To the top

Page Manager: Webmaster
Last update: 9/11/2012 3:13 PM

Tell a friend about this page
Print version

Raltegravir cerebrospinal… - University of Gothenburg, Sweden Till startsida
To content Read more about how we use cookies on

Contact form


Note! If you want an answer on a question you must specify your email address

Raltegravir cerebrospinal fluid concentrations in HIV-1 infection

Journal article
Authors Aylin Yilmaz
Magnus Gisslén
S Spudich
E Lee
A Jayewardene
F Aweeka
R. W. Price
Published in PLoS One
Volume 4
Issue 9
Pages 6877
ISSN 1932-6203
Publication year 2009
Published at Institute of Biomedicine, Department of Infectious Medicine
Pages 6877
Language en
Subject categories Microbiology in the medical area


Introduction Raltegravir is an HIV-1 integrase inhibitor currently used in treatment-experienced HIV-1-infected patients resistant to other drug classes. In order to assess its central nervous system penetration, we measured raltegravir concentrations in cerebrospinal fluid (CSF) and plasma in subjects receiving antiretroviral treatment regimens containing this drug. Methods Raltegravir concentrations were determined by liquid chromatography tandem mass spectrometry in 25 paired CSF and plasma samples from 16 HIV-1-infected individuals. The lower limit of quantitation was 2.0 ng/ml for CSF and 10 ng/ml for plasma. Results Twenty-four of the 25 CSF samples had detectable raltegravir concentrations with a median raltegravir concentration of 18.4 ng/ml (range, <2.0–126.0). The median plasma raltegravir concentration was 448 ng/ml (range, 37–5180). CSF raltegravir concentrations correlated with CSF:plasma albumin ratios and CSF albumin concentrations. Conclusions Approximately 50% of the CSF specimens exceeded the IC95 levels reported to inhibit HIV-1 strains without resistance to integrase inhibitors. In addition to contributing to control of systemic HIV-1 infection, raltegravir achieves local inhibitory concentrations in CSF in most, but not all, patients. Blood-brain and blood-CSF barriers likely restrict drug entry, while enhanced permeability of these barriers enhances drug entry.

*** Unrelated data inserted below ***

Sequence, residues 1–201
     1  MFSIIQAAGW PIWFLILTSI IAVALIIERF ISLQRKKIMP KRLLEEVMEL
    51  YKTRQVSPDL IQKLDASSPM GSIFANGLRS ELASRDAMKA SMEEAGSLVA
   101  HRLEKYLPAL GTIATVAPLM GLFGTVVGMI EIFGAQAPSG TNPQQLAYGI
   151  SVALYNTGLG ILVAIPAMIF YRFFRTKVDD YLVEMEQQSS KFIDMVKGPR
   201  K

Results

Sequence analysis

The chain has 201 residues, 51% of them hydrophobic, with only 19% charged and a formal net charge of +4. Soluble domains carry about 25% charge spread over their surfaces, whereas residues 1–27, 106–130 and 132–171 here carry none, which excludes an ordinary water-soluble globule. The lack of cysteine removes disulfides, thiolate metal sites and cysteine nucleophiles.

Page Manager: Webmaster|Last update: 9/11/2012

The University of Gothenburg uses cookies to provide you with the best possible user experience. By continuing on this website, you approve of our use of cookies.  What are cookies?